The Old State House is a historic building in Boston, Massachusetts, at the intersection of Washington and State Streets. Built in 1713, it was the seat of the Massachusetts General Court until 1798, and is one of the oldest public buildings in the United States. One of the landmarks on Boston's Freedom Trail, it is the oldest surviving public building in Boston, and now serves as a history museum operated by the Bostonian Society. It was designated a National Historic Landmark in 1960 and a Boston Landmark by the Boston Landmarks Commission in 1994.
Today's brick Old State House was built in 1712–13, and possibly designed by Robert Twelves. Some historians credit Thomas Dawes with being the architect, but he was of a later generation, so evidently his contributions came later. This was probably in about 1772, after a four-year period of the General Assembly having to meet in Cambridge due to British use of the building as a military barrack . The previous building, the wooden Town House of 1657, had burned in the fire of 1711. A notable feature was the pair of seven-foot tall wooden figures depicting a lion and unicorn, symbols of the British monarchy.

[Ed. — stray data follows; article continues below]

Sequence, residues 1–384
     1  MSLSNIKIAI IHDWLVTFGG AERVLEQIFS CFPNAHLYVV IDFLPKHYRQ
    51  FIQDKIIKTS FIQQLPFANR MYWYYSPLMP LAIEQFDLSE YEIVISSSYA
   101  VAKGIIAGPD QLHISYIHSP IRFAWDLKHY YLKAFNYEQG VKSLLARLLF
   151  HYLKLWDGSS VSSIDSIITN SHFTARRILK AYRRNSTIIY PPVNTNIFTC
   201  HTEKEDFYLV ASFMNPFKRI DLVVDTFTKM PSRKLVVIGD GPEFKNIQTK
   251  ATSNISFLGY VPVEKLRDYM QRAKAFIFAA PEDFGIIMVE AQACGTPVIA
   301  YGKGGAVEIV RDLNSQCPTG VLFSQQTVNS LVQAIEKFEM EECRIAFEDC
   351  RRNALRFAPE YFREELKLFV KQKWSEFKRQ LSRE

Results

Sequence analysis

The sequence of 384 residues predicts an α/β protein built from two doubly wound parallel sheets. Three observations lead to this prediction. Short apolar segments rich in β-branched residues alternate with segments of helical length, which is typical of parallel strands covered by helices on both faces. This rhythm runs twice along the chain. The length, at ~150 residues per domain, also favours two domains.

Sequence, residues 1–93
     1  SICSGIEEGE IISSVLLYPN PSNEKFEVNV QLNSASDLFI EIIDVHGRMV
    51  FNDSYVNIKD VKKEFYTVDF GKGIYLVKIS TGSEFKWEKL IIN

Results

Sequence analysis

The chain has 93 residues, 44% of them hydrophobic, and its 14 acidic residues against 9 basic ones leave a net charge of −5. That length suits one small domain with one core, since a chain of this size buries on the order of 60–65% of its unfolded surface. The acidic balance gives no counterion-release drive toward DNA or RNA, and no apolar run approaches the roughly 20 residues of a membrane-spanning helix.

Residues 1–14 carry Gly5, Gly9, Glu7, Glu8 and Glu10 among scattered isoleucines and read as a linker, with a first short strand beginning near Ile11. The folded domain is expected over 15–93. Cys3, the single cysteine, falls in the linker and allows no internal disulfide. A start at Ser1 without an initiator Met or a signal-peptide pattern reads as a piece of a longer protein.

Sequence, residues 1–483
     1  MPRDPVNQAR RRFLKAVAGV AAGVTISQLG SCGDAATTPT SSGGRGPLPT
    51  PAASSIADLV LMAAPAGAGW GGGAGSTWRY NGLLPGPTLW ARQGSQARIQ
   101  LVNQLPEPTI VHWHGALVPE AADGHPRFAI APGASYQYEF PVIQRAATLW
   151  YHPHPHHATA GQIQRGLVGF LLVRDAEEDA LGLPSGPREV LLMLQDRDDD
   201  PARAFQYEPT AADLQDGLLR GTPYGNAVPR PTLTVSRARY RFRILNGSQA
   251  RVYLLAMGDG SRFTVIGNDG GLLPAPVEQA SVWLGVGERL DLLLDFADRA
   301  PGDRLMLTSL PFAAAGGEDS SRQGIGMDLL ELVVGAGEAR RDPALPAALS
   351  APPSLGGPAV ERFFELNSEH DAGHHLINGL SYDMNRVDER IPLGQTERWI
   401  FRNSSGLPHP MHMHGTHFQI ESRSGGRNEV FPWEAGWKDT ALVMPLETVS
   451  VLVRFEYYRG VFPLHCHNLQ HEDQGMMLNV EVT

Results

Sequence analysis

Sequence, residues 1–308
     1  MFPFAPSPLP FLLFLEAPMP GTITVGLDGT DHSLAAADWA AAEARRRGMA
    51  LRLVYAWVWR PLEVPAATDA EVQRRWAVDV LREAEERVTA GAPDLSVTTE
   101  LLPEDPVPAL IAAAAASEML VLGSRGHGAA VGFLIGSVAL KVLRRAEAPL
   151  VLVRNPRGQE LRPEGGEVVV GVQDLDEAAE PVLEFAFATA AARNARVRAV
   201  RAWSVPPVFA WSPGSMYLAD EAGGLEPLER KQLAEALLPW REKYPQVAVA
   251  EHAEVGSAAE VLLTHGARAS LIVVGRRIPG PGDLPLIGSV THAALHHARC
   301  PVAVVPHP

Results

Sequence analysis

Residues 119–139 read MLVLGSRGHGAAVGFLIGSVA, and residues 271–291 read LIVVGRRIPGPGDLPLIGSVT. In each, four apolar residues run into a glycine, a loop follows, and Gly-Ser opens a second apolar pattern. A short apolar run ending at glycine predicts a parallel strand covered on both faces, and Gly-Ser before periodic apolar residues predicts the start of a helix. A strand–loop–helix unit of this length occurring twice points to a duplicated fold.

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Boston, United States
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